They thought they were attending a benign military lecture at the illustrious Shrapnel Academy, housed in one of England's grand manors and dedicated to the memory of Henry Shrapnel, genius inventor of the cannonball. But the weekend is not peaceful. Perhaps benign militarism is always a false conceit.
Septuagenarian General Leo Makeshift, charged with delivering the annual Wellington lecture, arrives in a black Rolls-Royce. The knee under his hand belongs to his current mistress, Bella, who wars a tight black skirt and seamed stockings for the occasion. (Bella is considerably younger than the general.) Medusa, or "Mew," on the other hand, hitchhikes to Shrapnel after the gas runs out on her motorbike. Mew is the correspondent from Woman's Times and, yes, it was a mistake to allow a feminist reporter on the scene.
On the greeting committee are Joan Lumb, the institute's dictatorial director, her lithesome secretary, Muffin, and Acorn the butler, a stunningly handsome South African whose army of Third World servants is primed to rebel against the ruling class.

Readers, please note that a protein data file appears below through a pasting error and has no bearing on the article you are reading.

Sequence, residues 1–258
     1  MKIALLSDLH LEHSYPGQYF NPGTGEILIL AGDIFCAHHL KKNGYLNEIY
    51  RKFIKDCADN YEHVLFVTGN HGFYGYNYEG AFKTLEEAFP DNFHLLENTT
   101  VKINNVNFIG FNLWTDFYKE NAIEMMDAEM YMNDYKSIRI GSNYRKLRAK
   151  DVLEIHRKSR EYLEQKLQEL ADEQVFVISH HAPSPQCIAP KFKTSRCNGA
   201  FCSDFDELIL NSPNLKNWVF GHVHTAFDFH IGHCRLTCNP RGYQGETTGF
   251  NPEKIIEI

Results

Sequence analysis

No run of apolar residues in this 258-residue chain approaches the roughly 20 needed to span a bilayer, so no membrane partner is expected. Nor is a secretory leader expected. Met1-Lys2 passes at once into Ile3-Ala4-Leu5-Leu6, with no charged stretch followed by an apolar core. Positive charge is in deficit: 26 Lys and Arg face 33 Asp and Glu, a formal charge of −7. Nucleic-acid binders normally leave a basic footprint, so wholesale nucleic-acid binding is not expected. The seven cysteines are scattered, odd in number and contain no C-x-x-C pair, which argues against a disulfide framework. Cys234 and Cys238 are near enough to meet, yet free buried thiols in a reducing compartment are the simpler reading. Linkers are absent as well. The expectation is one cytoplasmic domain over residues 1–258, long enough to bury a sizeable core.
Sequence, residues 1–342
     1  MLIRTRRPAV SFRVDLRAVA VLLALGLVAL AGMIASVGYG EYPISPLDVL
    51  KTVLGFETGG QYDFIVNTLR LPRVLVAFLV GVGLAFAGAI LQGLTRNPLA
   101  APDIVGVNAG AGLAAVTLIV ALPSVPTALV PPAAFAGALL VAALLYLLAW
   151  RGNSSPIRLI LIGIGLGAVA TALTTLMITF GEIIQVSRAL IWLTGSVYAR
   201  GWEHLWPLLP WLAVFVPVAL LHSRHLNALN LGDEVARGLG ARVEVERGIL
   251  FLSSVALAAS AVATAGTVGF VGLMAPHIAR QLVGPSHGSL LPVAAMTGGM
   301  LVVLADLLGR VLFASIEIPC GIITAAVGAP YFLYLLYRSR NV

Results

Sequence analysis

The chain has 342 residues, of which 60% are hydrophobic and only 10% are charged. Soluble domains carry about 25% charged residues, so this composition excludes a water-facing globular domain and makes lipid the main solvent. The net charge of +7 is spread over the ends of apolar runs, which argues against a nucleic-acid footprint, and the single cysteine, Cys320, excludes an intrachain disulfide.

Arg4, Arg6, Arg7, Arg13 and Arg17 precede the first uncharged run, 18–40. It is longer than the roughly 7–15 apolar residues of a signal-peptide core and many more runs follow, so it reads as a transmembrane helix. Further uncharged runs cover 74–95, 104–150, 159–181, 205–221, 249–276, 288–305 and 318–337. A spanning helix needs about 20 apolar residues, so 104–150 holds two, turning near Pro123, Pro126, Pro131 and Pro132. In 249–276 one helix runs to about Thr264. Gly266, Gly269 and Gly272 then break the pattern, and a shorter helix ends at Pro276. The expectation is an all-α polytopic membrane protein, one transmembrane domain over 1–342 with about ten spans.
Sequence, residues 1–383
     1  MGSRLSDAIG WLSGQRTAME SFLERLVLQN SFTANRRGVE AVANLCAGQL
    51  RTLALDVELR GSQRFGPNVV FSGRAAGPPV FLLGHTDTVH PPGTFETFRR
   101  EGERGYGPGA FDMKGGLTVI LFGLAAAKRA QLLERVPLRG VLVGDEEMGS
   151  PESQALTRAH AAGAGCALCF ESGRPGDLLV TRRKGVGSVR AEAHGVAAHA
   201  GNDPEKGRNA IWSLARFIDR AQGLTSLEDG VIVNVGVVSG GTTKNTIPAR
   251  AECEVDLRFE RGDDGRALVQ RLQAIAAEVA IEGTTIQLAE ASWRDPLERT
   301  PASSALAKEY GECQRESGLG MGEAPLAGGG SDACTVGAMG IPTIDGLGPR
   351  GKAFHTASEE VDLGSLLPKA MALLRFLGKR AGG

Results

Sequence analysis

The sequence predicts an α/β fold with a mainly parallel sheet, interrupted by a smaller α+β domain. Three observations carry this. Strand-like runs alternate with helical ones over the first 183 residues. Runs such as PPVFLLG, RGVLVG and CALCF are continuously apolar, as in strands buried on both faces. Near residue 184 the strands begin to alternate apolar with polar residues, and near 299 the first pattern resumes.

Fate provides a snowstorm, making escape impossible; lust, jealousy, bigotry, chauvinism, and pure greed provide the other essential ingredients for all-out war during the Wellington weekend - between Upstairs and Downstairs, between men and women, between First and Third Worlds, between the fiercest of sexual rivals. Speculation about the occupancy of a given bed or the espousal of a given cause is unlikely to prove correct, yet to attempt it is irresistible.
As a chronicler, Fay Weldon has never been more brilliant or more ruthless about the folly of human relations. The Shrapnel Academy is a devastating update of the English country house novel, as savagely funny as it is topical.